News of the domain seizure came last night, about two months after Bodog had shuffled everyone over to its new Bovada.lv site where Americans continue to play anonymous poker and bet on sports unimpeded.
It was just a few hours ago that news of the Ayre indictment being unsealed appeared over on Forbes. According to Nathan Vardi, the U.S. Attorney in Baltimore is charging Ayre with having violated Maryland state law by running (with others) his illegal gambling business “from June 2005 to January 2012.” Vardi explains that the indictment also highlights the moving of funds to and from various international accounts as well as “the hiring of media resellers and advertisers to promote Internet gambling.”
The fact that the feds have finally gotten to the point of acting with regard to Ayre and Bodog is noteworthy. Indeed, for a lot of observers one of the early follow-up thoughts regarding the Black Friday indictment and civil complaint targeting PokerStars, Full Tilt Poker, and Absolute/UB was “What about Bodog?”
The feds had seized funds from accounts being used by Bodog way back in 2008, and of course had been watching the site long before that. And even if Bodog was small scale, poker-wise, there was the sports betting. But it took 10-plus more months for any action against Bodog to arrive.
It will be interesting, of course, to see whether or not these moves will preface further efforts by the U.S. government to deal with Bovada’s continued acceptance of U.S. bets, or if their last-minute move back in December will successfully shield the operation from any interruption of service.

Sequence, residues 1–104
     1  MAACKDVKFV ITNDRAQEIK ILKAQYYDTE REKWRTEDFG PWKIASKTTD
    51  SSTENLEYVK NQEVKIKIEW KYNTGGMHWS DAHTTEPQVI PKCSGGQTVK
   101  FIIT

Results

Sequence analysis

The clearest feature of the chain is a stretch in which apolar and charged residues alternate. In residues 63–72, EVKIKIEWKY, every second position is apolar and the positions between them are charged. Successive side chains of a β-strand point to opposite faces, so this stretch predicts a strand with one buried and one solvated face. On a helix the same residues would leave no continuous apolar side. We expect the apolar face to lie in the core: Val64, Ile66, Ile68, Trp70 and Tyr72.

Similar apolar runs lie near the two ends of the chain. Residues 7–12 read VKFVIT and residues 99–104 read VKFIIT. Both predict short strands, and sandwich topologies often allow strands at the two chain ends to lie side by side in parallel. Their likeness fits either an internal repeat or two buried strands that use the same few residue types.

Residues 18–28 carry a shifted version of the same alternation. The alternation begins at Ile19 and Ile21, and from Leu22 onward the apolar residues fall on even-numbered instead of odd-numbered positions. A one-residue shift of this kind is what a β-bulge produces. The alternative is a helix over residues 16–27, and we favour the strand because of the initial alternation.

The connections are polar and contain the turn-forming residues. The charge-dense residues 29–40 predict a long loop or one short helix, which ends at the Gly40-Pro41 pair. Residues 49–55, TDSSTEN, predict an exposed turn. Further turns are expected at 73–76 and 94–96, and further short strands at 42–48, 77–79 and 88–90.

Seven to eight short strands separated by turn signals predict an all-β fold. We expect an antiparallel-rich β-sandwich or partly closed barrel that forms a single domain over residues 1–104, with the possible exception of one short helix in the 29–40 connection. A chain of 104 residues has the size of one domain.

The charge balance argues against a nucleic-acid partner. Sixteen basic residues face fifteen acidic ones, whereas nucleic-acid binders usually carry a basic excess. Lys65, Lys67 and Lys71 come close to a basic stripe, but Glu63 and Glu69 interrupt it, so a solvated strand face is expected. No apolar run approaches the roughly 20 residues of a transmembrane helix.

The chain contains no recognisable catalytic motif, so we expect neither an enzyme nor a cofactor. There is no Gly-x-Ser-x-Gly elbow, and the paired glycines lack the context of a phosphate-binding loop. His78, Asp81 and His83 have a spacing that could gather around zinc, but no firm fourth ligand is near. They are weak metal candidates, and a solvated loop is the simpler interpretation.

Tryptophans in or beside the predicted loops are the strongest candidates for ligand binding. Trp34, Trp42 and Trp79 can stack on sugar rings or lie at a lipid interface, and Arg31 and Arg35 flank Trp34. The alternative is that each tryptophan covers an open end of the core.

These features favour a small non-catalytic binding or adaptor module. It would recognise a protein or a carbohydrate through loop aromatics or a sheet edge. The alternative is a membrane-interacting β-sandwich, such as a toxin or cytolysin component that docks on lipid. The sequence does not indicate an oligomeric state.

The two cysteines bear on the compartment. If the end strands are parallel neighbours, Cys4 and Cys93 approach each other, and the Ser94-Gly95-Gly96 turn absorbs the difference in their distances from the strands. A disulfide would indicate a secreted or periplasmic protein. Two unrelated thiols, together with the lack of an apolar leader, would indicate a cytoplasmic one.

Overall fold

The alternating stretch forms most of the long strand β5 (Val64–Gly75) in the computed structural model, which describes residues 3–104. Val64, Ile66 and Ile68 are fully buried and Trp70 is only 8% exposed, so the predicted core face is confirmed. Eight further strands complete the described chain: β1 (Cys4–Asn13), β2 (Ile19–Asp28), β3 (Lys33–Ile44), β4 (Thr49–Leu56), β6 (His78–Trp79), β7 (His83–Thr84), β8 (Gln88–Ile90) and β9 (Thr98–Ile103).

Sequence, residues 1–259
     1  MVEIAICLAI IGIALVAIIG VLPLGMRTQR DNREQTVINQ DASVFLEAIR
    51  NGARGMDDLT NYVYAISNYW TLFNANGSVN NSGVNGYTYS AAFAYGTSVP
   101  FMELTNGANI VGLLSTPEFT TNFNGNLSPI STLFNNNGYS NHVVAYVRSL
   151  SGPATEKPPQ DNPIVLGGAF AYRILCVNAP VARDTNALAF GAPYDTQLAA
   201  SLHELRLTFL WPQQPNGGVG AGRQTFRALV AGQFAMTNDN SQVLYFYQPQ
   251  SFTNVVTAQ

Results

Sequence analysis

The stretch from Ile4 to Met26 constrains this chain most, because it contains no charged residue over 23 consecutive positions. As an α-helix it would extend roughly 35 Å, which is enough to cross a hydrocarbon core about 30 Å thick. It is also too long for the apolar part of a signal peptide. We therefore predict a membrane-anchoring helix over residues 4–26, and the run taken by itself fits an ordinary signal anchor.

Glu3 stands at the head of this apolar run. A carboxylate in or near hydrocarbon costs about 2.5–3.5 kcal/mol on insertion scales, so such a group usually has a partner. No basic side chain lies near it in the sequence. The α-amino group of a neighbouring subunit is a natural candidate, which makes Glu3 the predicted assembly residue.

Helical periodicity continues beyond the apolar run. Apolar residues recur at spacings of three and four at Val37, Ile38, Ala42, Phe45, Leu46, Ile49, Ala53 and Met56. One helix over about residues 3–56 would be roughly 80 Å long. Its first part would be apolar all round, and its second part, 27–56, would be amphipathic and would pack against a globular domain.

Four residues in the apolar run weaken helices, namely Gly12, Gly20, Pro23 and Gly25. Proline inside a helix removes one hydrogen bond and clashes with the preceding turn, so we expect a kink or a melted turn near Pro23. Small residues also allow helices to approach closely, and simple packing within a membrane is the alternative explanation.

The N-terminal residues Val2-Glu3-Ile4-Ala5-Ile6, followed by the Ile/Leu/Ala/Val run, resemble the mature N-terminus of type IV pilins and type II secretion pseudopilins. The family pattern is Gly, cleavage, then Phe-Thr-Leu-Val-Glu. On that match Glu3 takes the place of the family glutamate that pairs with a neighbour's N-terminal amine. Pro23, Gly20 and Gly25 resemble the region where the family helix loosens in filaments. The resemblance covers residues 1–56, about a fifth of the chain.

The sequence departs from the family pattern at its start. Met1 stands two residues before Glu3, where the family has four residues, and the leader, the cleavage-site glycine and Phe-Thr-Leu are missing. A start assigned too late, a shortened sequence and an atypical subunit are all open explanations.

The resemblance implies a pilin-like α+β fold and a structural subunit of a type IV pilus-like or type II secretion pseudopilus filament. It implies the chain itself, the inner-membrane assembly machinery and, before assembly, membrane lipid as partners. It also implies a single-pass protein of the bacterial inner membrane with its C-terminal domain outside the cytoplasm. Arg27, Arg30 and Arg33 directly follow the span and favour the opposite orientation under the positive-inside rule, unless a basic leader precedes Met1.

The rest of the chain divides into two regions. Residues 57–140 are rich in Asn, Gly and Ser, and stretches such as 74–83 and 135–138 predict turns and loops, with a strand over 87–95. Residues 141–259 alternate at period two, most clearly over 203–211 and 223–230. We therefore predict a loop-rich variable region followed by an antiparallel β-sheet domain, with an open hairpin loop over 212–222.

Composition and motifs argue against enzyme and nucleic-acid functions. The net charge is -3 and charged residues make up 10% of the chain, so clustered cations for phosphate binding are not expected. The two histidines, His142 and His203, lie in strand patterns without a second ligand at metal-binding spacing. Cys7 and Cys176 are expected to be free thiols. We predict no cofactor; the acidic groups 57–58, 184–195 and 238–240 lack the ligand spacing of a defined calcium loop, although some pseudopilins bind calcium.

Some are responding to the news about Bodog and Ayre with cries of “Merge is next,” although it seems like the fact that Bodog/Bovada has always offered sports betting makes it a different animal than the other, small poker-only sites continuing to serve Americans. The allegations concerning advertising are interesting, too, perhaps having to do with the continued prominence of Bodog’s sportsbook in the U.S. as well as its popularity among American sports bettors.
Merge’s days in the U.S. may well be numbered, especially if any of the cashout procedures being used by the network’s sites make them vulnerable to those conspiracy to commit money laundering and/or bank fraud charges. Recall that alarm sounded Subject:Poker last September that the “DOJ Plans Action Against Merge.” While nothing ever came of that, those whispers that were then loudly relayed apparently emanated from the U.S. Attorney’s Office for the District of Maryland, too.
Since this Ayre indictment specifically references sports betting, the only form of online gambling unequivocally covered by the Federal Wire Act according to the DOJ’s revised opinion back in December, I don’t necessarily think this news has too much to do with the current prospects for Merge or other U.S.-facing poker sites. Other than to indicate in a general way what we already knew, namely, that the policing of online gambling continues to be of interest to prosecutors. (For more on the Ayre indictment, see Michael Gentile’s analysis over on PokerFuse.)
Still, even if the status of Merge and the other sites hasn’t changed, it remains tenuous. Maybe Bovada will post a line for us to bet on how long the remaining sites’ will last.